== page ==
Althingi’s shame

When the Icelandic Parliament, Althingi agreed on an emergency law after the collapse of the banks that allowed the state to nationalize them, it included a clause which caught people’s attention. 

According to the clause, it was illegal to sue the old banks, and it was apparent that this would go against the constitution of Iceland. One of the basic rights is the right to have a court hear one’s case.  

And yet, Althingi agreed on the law, including that clause even though Left Green MP Atli Gislason, a lawyer by trade warned against it.  

And this week it was rejected by the courts in a personal case against Glitnir. Of course the person can sue the former banks.  

So what should be made of a legislative branch, where incidentally many lawyer-educated people are members, that accepts a law that is obviously against the constitution?

Undemocratic? Degenerate? Asleep on the job?  

The shame of those who accepted the clause is great.

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4 Responses to “Althingi’s shame”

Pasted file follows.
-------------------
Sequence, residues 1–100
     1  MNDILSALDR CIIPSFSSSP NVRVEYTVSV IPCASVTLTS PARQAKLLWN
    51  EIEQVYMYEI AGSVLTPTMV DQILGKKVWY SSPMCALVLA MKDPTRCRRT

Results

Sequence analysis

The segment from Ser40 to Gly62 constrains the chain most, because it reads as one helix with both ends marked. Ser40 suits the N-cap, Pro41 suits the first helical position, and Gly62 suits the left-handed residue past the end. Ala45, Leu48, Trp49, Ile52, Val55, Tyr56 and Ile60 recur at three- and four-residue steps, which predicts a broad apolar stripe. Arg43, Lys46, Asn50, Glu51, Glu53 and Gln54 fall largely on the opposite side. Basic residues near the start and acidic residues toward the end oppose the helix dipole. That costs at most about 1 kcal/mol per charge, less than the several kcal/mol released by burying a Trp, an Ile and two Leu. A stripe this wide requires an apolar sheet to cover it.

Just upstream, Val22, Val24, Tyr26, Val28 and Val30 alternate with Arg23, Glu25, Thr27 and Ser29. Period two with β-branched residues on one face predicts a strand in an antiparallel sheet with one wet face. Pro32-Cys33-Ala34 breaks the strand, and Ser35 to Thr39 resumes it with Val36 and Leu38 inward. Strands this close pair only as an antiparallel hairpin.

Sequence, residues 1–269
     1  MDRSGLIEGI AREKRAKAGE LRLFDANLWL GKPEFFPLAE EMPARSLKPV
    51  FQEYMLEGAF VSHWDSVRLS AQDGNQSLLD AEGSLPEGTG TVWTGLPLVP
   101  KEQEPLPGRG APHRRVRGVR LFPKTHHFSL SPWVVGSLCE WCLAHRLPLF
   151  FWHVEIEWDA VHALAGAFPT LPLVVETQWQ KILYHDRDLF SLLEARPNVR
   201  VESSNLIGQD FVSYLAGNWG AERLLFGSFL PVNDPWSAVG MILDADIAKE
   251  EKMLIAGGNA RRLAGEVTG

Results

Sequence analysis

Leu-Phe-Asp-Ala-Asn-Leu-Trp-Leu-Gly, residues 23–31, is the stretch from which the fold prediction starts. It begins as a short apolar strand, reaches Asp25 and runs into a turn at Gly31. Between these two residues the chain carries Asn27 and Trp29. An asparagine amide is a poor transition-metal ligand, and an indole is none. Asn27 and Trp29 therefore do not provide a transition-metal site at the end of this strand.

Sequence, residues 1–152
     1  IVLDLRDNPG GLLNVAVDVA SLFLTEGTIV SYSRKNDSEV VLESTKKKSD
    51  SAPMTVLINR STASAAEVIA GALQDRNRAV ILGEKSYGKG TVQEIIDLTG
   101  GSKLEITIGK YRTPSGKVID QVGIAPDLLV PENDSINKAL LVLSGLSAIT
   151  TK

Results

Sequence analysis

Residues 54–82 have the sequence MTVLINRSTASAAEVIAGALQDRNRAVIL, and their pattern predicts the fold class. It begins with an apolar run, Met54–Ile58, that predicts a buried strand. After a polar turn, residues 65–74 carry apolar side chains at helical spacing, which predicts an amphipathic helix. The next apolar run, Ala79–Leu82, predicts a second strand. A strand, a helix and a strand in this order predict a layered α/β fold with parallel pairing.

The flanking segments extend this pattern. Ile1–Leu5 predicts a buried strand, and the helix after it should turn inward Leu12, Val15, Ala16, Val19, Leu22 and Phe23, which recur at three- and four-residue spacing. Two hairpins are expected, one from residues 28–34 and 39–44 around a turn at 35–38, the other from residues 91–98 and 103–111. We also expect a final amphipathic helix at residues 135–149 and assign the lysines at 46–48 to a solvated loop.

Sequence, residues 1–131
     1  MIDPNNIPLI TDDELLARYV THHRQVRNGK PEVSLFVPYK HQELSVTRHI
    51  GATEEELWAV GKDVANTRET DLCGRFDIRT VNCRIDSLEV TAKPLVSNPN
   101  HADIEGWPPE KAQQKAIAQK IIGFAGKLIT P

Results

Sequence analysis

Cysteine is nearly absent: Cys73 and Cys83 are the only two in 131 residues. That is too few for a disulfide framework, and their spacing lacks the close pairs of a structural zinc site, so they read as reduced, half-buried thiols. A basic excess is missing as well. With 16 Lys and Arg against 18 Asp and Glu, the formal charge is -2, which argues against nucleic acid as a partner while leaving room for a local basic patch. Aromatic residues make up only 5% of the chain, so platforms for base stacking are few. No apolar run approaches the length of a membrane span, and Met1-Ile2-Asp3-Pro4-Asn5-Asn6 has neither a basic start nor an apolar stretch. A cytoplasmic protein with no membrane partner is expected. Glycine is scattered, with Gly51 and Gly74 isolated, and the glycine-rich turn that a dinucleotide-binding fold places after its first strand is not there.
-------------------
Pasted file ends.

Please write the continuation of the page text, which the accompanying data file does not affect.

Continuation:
1. 1 Roy February 11, 2009 at 11:37 am

    Another reason why lawyers should not be a part of the law making process!

  2. 2 ari February 11, 2009 at 4:51 pm

    Degenerate is a great term for what is going on in our parliament. Basically, 20% of parliamentarians can expect to ever have any real power i.e. become ministers, the rest are just there to rubber stamp legislation. They are happy to take the salary and benefits however while they sing in the choir to the glory of their masters in the executive.

  3. 3 Vilhjalm A. February 11, 2009 at 7:44 pm

    I’m sorry to have to tell you Icelanders this but is normal for a government to make itself immune to lawsuits. In the US the government grants itself immunity but then gives back to citizens the right to sue the government in certain cases. For instance, you can sue the government if a government employee hits you with his car. But you can’t sue the Treasury Department for making stupid decisions and causing the economy to collapse.
    Here, allowing the government to be sued would mean allowing all the people who lost money in the banks to sue the government and collect from them (i.e. the taxpayers), even though the guilty parties were in fact parties like the Kaupthing directors.
    The decision to natioalize the banks was a very very stupid decision. But that’s a separate issue. (The government should kave let the banks go bankrupt, or put them into receivership.)

  4. 4 drafnsson February 11, 2009 at 10:05 pm

    Vilhjalm, you are absolutely right that there are different degrees of liability the government can accept but in this case all kinds of lawsuits were hindered.


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